Another fun fact, the island is home to all kinds of seabirds that you hear as soon as you near The Rock, most common are the seagulls which have become very accustom to their human visitors. In fact, you could almost reach out and pet one if you were brave or stupid enough, and they weren't shy from approaching you if you decided to bring food with you.
After viewing the cell block I headed up to "the yard" which was up a steep flight of stairs and didn't offer too much to see so the amount of tourist walking around this area was scarce. At one point I was the only person in the yard which was pretty neat to stand there and look around an imagine the history that took place right where I was standing.
At the end of the day, even after being soaked by the freezing San Francisco wave, I still think the trip to Alcatraz was very much worth it. I'd recommend it to anyone that appreciates history and if you enjoy photography too there are plenty of different subject matters to get some great shots.
Driving the 1 to Muir Beach Overlook:
Here's something to do when you have a couple of hours to kill. We had a free afternoon and wanted to see some of the scenery that makes up the famous California coastline highway known officially as California State Route 1. From the Golden Gate Bridge it's about a 30-40 minute drive to the overlook but only a 15 minute drive to where the road starts to get interesting. Winding roads leading towards the ocean are accompanied by steep cliffs and a narrow two lane road, where the locals or driving enthusiasts don't seem to blink an eye at going 2-3x the posted speed limit. Like any courtesy driver, I pulled off on the shoulder to let the fast cars by at every chance I got. The drive is a lot more enjoyable when you can take in the beautiful scenery and smells of eucalyptus trees apposed to worrying about the old lady in a hybrid riding your ass down the mountain.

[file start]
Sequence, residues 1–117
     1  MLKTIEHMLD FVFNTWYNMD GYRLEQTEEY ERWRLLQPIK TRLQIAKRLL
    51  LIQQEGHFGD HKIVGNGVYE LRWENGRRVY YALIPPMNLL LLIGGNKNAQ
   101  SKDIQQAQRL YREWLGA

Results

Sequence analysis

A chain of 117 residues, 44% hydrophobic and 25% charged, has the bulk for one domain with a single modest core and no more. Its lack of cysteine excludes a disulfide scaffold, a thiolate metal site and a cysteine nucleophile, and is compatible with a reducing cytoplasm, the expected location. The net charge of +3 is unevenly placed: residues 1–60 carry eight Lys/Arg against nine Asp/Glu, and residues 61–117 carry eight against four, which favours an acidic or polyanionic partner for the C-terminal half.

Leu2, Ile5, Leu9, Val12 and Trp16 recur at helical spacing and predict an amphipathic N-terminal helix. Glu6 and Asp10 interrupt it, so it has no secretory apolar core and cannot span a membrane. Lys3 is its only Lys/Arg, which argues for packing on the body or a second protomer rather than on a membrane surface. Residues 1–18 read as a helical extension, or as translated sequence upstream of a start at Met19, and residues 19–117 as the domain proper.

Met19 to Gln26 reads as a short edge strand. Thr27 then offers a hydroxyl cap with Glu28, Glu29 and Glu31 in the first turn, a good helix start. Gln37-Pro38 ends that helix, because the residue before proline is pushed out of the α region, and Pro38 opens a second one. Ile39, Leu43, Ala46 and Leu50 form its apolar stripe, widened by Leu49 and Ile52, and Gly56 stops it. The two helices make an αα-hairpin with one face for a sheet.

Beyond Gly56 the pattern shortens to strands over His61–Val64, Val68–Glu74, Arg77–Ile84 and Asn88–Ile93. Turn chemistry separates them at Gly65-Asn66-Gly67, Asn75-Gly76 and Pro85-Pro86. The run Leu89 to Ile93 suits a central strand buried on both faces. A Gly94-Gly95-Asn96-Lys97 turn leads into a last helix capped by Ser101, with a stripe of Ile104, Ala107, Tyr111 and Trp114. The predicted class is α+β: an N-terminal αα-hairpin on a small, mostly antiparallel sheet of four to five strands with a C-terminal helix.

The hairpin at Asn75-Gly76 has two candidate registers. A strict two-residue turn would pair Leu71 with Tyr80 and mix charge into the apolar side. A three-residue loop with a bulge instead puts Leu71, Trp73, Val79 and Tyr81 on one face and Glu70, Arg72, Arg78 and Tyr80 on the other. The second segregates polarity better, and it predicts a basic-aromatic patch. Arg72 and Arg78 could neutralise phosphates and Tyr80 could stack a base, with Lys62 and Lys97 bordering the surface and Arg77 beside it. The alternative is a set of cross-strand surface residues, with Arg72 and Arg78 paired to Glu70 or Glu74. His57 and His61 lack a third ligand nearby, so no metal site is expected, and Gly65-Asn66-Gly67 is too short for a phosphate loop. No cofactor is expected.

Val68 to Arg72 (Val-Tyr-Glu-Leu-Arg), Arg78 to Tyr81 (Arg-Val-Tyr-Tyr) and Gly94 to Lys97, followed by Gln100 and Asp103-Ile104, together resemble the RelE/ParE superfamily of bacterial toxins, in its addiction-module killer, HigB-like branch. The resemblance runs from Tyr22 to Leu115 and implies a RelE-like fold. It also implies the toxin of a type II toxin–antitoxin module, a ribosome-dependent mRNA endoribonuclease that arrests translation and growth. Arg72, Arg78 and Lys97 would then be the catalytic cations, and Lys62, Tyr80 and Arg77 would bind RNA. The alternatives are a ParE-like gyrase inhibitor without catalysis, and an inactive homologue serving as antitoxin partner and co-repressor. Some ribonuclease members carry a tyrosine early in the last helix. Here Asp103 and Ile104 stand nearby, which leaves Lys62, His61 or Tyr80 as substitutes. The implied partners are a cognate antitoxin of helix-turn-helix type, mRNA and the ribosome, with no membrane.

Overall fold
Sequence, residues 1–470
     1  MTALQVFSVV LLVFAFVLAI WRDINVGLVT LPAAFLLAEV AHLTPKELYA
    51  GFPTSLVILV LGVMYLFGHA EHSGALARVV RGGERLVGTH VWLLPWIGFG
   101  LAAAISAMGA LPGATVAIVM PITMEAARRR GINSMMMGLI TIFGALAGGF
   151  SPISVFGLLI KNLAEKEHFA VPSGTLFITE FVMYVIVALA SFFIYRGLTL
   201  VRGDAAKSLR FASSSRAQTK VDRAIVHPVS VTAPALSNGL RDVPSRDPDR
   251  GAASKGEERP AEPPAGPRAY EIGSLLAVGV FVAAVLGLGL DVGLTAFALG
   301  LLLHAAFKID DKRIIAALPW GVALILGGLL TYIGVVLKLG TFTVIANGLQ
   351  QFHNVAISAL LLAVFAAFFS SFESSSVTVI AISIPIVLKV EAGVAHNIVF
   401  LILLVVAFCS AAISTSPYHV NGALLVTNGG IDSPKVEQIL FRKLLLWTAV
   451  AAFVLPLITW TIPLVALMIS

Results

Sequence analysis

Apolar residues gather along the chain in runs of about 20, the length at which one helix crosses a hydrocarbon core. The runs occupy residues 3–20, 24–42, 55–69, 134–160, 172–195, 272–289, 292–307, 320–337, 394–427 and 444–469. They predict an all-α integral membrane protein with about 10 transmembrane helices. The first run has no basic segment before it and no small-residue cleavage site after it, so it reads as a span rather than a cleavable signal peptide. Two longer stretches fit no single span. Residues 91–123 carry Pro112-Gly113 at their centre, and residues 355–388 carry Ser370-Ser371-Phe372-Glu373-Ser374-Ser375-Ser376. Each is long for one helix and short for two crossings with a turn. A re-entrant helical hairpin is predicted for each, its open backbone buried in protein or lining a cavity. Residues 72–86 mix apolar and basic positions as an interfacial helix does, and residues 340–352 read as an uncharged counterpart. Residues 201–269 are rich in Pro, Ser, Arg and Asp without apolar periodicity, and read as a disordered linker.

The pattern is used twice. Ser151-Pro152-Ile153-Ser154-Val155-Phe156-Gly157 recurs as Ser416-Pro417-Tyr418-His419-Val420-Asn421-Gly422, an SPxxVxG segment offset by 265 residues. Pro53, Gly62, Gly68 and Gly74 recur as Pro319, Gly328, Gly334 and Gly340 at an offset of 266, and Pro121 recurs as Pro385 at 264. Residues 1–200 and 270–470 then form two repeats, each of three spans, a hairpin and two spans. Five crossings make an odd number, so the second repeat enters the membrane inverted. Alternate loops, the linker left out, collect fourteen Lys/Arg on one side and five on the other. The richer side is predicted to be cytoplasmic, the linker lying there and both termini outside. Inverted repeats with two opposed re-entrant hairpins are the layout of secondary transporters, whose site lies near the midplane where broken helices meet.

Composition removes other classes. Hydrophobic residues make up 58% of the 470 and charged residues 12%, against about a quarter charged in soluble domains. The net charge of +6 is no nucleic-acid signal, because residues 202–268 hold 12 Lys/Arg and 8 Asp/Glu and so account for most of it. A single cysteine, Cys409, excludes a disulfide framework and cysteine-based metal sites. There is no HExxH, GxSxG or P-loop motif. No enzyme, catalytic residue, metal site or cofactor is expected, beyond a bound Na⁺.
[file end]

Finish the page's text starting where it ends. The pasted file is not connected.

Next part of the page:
Upon our arrival at Muir Beach Overlook we took a short stroll down a manmade path to the actual overlook where we enjoyed the view and took a couple of GoPro Selfies along the way. Absolutely amazing scenery, and one of my favorite parts of the trip.
Bike Tour (Streets of San Francisco):
What better way to see the city than by trying to ride a bike with a selfie stick in the air while dodging a fleet of Prius drivers? With another full day at our disposal we decided to give the Streets of San Francisco Bike Tour a try, since they were killing it on yelp. We went with the "Heart of the City" bike tour which consists of a 3 1/2 hour trip throughout the different neighborhoods of San Francisco for a total trip distance of 9 miles. I opted to have the X100T around my neck, bouncing between auto focus mode when riding and manual focus when stopped. I also brought the GoPole selfie stick which I purchased from Best Buy before our cruise down Route 1. I would rotate the GoPro from being mounted on my front basket which I used for the majority of the ride to capture video in a POV type shot and a couple of selfie moments halfway through the ride where I captured mostly photos but a few short video clips too using the GoPole.
We arrived at the SOSF headquarters which in true San Francisco fashion was a couple of shipment containers turned into a bike rental shop. Upon our arrival we met our tour guide, a true local who was born and raised in the city, Josh. After being assigned a bike, each of which had a unique name, I was on "DJ Chrome", we met the rest of our group which consisted of a mother and daughter from Istanbul, Turkey, a young lady who told me she was from "Jersey" in a very British accent, which confused me for a good second until she verified it was an island off England, a middle age lady that was a local for the past few years, and myself and Jaclyn, and of course our tour guide, Josh.